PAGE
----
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Columns

  • Hometown has much to offer for summer fun

    Summer’s here and the time is right, for dancing in the street.
    That’s right, it is definitely summertime in Harrison County.
    Summer, when I was younger, was without a doubt my favorite time of the year.
    Summer meant no more school for a few months and, to be honest, that was the bulk of why I chose summer as my favorite time of the year.
    Now that I am older, I guess fall would be my favorite time of the year due to it being the time of hunting.
    However, for the sake of the column, I will focus on summer and not what I prefer.

  • Cynthiana living up to small-town hospitality

    By: Kristie Hamon/Summer Intern

  • Use your turn signal in life

    A couple of weeks ago my son earned a “uniform citation” for failing to use his turn signal.
    At the time I thought how trivial and wondered why such a citation was necessary.
    I’m sure there’s a life lesson in there somewhere... much like the “always use sunscreen” lyrics from the late 1990s that was delivered as a graduation speech and later became the basis for a song.
    Always use your turn signal.

  • Farms need kids like the world needs food

    Silly lawmakers, don’t they know that agriculture is just as much for kids as it is for adults?
    This past Monday, a few of my coworkers came to my office  to ask me what I thought of a proposed law that was trying to be past, which would basically eliminate child help on the farms.
    After a few choice words slipping from my mouth, which I directed toward any person who would even toy with such an idea, I began to think how I would have turned out minus the farm background.

  • Former Cynthiana chief to be honored in Police Memorial Ceremony on Tuesday

    It was well before my time, July 29, 1939, when Cynthiana’s police chief responded to what is today considered a “domestic” situation.
    The 25-year veteran police officer approached the property where a man was abusing a teenage girl. As he was getting out of his car, he was shot in the back by the man who was hiding in his barn.
    Chief George Dickey died of his injuries.
    He will be remembered during a police memorial service in Richmond on Tuesday, May 22.

  • What’s in a name….?

    “If it’s ‘community service’ I don’t want to have anything to do with it!” said a Harrison County High School student during the school’s first-ever Volunteer Fair.
    Sponsored by the Cynthiana Rotary Club and the Harrison County Board of Education, the Volunteer Fair took place in the high school gymnasium on April 19.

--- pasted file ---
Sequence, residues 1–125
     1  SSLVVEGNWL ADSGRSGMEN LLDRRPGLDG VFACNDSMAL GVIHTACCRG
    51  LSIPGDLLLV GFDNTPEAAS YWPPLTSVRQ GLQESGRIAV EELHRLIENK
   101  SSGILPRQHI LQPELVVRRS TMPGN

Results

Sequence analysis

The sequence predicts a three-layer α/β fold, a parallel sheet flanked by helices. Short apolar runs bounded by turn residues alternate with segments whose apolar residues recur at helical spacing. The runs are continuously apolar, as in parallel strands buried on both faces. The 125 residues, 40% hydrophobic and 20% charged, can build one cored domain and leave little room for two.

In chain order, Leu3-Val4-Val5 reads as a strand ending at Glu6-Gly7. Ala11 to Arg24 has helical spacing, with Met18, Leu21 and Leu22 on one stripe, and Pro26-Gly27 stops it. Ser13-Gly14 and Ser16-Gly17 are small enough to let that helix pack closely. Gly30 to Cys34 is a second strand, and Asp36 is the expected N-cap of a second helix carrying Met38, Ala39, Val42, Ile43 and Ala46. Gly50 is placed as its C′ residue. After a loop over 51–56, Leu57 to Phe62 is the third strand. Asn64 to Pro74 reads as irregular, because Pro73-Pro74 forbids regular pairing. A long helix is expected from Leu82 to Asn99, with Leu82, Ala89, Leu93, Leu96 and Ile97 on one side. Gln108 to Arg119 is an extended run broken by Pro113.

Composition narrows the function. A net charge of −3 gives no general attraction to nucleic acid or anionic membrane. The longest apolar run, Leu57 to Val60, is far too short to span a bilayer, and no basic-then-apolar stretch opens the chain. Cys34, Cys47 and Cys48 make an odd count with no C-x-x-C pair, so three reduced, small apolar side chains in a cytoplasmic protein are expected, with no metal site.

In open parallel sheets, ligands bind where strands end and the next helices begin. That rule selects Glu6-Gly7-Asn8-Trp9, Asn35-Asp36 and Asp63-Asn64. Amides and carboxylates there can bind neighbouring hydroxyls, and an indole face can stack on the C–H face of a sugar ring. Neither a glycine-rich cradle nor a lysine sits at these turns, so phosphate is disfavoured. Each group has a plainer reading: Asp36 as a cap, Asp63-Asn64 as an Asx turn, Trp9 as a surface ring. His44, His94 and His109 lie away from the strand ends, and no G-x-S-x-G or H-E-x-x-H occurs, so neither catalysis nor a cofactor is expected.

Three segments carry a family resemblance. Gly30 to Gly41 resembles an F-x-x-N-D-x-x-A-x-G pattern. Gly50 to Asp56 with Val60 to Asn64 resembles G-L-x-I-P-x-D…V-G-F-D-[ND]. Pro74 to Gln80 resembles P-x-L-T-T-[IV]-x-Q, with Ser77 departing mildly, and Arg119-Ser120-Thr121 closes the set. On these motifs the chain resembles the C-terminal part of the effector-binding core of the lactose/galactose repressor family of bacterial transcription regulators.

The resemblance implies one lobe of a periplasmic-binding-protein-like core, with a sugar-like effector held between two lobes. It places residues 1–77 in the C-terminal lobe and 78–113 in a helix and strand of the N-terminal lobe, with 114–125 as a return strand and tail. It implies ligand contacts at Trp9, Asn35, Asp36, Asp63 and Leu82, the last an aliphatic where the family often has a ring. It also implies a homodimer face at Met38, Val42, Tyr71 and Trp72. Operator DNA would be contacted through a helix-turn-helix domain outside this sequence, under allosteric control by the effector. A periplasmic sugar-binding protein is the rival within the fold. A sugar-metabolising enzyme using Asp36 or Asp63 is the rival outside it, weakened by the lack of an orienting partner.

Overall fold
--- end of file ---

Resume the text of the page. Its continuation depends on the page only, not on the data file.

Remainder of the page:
Throughout the day, groups of students were brought in to learn about how they could help the more than 25 community organizations represented.  

  • Don't start it unless you know you can finish it

    Normally I refrain from talking about issues pertaining to county or city issues even though my editor would argue that it is part of my job.
    Whether it is dealing with money issues or how development property could best serve our citizens, I simply never like putting myself out for criticism when its my ideas being read.
    However, I was approached this past weekend by a couple talking about development projects in our community and simply felt compelled to share their thoughts, which heavily shadow the same feelings that I have.

  • $4.5 million state road plan

    After spending more than three months addressing the needs of the state, the General Assembly wrapped up its work on Friday with the enactment of a $4.5 billion road plan and a new initiative to limit the sky-rocketing prescription drug abuse that Kentucky has unfortunately seen over the last decade.

  • A deadly stretch of highway put to rest

    Last week we reported on the pending reconstruction of U.S. 27 North between mile points 11.9 and 12.4.
    Finally, a road project I can get behind wholeheartedly.
    I have repeatedly said I’m on the fence about the by-pass. There are pros and cons.
    With the reconstruction, I can find no cons.
    I’m certain the property owners whose homes might be in danger feel differently. However, had the design been done properly back in the 1980s, this would be a non-issue today.

  • Classmates gather for 50th year reunion

    Flipping through the pages of an old leather bond yearbook, one will see many faces.
    How they went and where they went to high school is much different from how many others have gone.
    Many of the names are not remembered and some have gone on to do great things that stamp their names in the pages of history forever.
    In 1962, a tradition was put to rest that began back in September 1872.
    That tradition included teaching students in the graded areas of Latin, analysis, surveying, mental philosophy and history.